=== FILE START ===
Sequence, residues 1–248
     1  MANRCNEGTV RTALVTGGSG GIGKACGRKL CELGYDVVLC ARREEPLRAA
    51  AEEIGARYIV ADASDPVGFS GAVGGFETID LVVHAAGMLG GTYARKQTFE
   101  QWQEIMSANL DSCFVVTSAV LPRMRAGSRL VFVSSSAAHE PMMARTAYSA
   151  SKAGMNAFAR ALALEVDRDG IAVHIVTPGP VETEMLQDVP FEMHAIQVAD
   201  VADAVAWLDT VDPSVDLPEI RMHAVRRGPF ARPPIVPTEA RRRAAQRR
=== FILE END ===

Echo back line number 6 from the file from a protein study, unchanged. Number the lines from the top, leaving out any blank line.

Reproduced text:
   201  VADAVAWLDT VDPSVDLPEI RMHAVRRGPF ARPPIVPTEA RRRAAQRR